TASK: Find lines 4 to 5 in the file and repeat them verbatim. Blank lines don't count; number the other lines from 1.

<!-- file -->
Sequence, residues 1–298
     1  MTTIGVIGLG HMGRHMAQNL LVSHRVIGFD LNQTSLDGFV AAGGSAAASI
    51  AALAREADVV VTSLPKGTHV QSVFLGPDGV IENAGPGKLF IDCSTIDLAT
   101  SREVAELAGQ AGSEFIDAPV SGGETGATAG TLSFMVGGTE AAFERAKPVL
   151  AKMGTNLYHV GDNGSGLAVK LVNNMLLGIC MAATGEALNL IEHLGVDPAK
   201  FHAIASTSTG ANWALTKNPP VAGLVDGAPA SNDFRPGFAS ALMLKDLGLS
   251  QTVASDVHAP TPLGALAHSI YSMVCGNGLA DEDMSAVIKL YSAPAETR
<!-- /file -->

   101  SREVAELAGQ AGSEFIDAPV SGGETGATAG TLSFMVGGTE AAFERAKPVL
   151  AKMGTNLYHV GDNGSGLAVK LVNNMLLGIC MAATGEALNL IEHLGVDPAK